Romania’s Parliament passed a no-confidence motion against the Liberal Government led by prime minister Ludovic Orban on Wednesday, February 5, only three months after being invested. The motion initiated by the Social Democratic Party (PSD) was supported by 261 MPs, more than the minimum 233 votes required for it to pass.
PSD filed its no-confidence motion after the Government took responsibility in the Parliament for a bill that changes the electoral law so that mayors get elected after two rounds of vote instead of one. The PSD and the ethnic Hungarian party – UDMR oppose this change that could potentially reduce their number of mayors in the local elections to take place this summer.
Some commentators believe that the Liberals passed this change to the electoral law with the exact purpose of having their government overthrown and trigger early parliamentary elections. The National Liberal Party (PNL) currently records its highest score ever in the polls, of over 47%, while the Social Democratic Party (PSD) is only at 20%, according to the most recent IMAS survey carried out for Europa FM radio station.
Moreover, prime minister Ludovic Orban and president Klaus Iohannis had a meeting in January after which they announced they decided in favor of triggering early elections. However, for this, they first needed the Government to resign or be dismissed.
The second step is to have the Parliament reject two new government formulas. Only after that, the president can dissolve the Parliament and snap elections are organized. The Liberals said recently that early elections could be organized in the same period as local elections.
Liberals changed election regulations by emergency ordinance the day before the motion
On February 4, one day before the vote on the no-confidence motion, the Liberal Government adopted an emergency ordinance that brings important changes to the way parliamentary elections are organized. One of the most important changes is reducing the legal term for announcing the elections from 90 days to 50 days, although the Constitution provides a 3-month period for organizing the elections, according to G4Media.ro.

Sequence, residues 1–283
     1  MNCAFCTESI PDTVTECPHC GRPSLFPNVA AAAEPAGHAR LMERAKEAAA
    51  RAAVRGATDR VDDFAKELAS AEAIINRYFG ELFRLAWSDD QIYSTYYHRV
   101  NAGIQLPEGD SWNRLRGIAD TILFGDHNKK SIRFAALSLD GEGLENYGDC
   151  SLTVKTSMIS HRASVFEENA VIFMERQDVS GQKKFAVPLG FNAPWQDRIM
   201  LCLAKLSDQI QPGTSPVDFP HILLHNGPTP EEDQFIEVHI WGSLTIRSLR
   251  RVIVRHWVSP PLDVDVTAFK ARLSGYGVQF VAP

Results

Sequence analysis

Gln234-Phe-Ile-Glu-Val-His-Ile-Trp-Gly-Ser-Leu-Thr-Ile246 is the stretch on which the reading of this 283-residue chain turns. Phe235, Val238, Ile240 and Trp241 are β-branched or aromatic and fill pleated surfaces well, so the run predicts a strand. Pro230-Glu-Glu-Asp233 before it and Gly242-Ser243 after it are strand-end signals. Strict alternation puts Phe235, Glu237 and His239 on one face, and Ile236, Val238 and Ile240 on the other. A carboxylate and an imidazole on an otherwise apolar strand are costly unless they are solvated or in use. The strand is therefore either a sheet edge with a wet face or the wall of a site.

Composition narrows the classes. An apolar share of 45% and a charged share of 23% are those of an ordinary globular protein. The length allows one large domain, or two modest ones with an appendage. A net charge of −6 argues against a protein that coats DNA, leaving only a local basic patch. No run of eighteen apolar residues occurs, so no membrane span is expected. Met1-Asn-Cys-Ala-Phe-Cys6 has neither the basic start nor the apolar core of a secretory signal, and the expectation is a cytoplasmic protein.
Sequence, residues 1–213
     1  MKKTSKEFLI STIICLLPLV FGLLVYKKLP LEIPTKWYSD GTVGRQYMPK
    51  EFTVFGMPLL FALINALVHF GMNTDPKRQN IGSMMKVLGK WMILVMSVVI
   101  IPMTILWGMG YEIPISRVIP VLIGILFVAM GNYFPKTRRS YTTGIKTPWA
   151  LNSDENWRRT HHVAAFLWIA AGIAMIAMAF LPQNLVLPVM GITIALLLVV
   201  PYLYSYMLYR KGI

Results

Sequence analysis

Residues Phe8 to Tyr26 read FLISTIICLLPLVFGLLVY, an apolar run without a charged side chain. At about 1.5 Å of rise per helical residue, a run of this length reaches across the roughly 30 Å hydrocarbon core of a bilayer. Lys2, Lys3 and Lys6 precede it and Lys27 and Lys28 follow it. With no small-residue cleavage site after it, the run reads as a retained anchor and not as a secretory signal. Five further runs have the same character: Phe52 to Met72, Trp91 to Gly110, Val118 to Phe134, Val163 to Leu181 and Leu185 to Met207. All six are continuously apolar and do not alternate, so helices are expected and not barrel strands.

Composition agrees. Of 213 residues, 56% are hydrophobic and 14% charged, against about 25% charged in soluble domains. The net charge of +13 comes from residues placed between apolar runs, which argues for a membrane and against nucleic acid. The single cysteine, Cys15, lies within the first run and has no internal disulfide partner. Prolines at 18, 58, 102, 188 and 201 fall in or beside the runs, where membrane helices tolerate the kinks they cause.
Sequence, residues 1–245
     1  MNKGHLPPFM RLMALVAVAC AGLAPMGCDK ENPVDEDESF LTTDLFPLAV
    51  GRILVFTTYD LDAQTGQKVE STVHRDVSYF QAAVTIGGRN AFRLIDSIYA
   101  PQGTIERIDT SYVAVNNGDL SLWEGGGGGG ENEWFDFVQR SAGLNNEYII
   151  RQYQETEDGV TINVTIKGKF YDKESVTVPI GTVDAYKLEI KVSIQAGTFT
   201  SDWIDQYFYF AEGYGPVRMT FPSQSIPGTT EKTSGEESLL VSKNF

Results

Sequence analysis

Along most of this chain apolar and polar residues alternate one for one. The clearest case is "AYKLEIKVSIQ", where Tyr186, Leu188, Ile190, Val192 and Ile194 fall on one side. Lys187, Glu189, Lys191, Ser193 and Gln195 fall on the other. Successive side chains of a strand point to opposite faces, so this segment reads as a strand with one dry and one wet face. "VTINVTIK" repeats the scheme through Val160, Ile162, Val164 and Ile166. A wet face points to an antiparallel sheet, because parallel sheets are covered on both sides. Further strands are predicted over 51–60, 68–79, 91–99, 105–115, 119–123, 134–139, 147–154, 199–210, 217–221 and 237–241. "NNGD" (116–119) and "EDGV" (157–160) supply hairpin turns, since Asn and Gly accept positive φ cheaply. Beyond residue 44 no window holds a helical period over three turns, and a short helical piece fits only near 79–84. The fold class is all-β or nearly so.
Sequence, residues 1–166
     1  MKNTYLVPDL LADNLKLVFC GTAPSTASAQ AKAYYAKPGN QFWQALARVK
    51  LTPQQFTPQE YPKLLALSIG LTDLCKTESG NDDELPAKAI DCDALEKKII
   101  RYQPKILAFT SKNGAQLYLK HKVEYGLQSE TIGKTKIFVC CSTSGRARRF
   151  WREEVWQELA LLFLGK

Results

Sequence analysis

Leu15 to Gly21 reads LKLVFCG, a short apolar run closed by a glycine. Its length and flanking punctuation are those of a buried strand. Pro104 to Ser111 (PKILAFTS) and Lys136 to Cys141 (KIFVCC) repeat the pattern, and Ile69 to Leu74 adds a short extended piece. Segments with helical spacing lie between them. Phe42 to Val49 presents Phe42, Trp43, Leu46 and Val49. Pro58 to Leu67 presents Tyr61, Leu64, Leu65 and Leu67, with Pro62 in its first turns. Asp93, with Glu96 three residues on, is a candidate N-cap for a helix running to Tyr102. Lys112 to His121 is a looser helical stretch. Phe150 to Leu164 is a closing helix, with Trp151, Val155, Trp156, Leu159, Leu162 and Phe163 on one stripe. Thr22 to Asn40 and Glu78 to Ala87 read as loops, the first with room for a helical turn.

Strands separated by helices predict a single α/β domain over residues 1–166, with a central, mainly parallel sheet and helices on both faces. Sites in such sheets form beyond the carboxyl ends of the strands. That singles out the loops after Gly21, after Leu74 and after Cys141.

Another change is allowing people to vote in any precinct in the country, not only in those where they are registered. Some parties objected to this change saying that it opens the way for electoral tourism, according to Hotnews.ro.
Two more changes target Romanian voters abroad. Romanians in the diaspora will have three days to vote in the parliamentary elections, similarly to the presidential elections in November 2019, as opposed to one in the parliamentary elections in December 2016. Moreover, the Government doubled the number of MPs that will represent Romanians abroad in the next Parliament.
These changes will likely favor the National Liberal Party (PNL) and their informal partners from the USR-PLUS alliance, given that the votes cast by Romanians abroad in the elections for the European Parliament in May 2019 largely went to these two parties.
However, parties such as ALDE, UDMR and the Popular Movement Party (PMP), which voted for the Orban cabinet in November 2019, have criticized these changes to the electoral regulations and could oppose the scenario of early elections, which would not bring them any benefits.
What's next after the fall of the Government?
After the no-confidence motion was adopted, the Government led by PM Ludovic Orban is considered dismissed and will continue to work but with limited powers. It will not be able to issue any more ordinances, for example, which is why the Government rushed to adopt 25 such ordinances on the day before the motion.
President Klaus Iohannis will call the parliamentary parties to consultations for naming a new prime minister. PNL and PSD will likely make proposals. PNL has already announced it would propose its leader Ludovic Orban for a new term while PSD said it was looking to create a new parliamentary majority and propose a leftist intellectual for this PM.
Romania’s Government will assume responsibility in the Parliament for a bill aimed at changing the way mayors are...